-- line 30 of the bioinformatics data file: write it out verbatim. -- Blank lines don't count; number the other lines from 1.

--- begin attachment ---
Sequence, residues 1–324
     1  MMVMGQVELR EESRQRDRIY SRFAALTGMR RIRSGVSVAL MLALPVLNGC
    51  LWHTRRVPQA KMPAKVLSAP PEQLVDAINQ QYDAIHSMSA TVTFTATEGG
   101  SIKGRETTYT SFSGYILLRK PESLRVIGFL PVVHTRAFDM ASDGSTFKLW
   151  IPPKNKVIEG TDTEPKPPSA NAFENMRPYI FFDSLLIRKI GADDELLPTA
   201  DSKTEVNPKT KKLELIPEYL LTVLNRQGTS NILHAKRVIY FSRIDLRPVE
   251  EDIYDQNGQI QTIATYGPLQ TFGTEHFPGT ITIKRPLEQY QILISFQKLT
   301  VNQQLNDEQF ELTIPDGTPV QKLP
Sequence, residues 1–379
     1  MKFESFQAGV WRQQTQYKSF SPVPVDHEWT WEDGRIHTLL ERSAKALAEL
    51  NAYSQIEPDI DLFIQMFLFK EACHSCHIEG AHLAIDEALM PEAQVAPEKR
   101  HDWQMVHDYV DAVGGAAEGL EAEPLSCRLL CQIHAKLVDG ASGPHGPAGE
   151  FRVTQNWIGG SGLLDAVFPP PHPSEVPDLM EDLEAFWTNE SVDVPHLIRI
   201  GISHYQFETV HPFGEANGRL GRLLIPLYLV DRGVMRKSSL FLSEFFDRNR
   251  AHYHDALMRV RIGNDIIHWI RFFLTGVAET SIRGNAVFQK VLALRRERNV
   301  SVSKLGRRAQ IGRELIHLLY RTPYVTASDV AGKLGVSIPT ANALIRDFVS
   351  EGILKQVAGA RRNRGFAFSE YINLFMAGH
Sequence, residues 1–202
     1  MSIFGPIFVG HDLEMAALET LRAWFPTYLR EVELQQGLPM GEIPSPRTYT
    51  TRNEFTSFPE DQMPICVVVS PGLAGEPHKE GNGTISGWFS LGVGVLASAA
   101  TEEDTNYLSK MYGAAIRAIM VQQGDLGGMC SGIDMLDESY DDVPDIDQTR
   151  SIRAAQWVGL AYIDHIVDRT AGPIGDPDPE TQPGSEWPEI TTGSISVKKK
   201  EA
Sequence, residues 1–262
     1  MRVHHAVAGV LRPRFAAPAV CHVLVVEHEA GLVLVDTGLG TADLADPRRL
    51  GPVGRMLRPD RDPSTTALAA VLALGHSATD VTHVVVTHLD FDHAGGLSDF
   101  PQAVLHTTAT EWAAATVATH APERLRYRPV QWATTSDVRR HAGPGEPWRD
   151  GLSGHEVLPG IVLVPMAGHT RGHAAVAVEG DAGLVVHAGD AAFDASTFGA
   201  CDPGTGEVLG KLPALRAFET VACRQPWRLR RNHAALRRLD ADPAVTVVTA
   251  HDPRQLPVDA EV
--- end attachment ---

   251  HDPRQLPVDA EV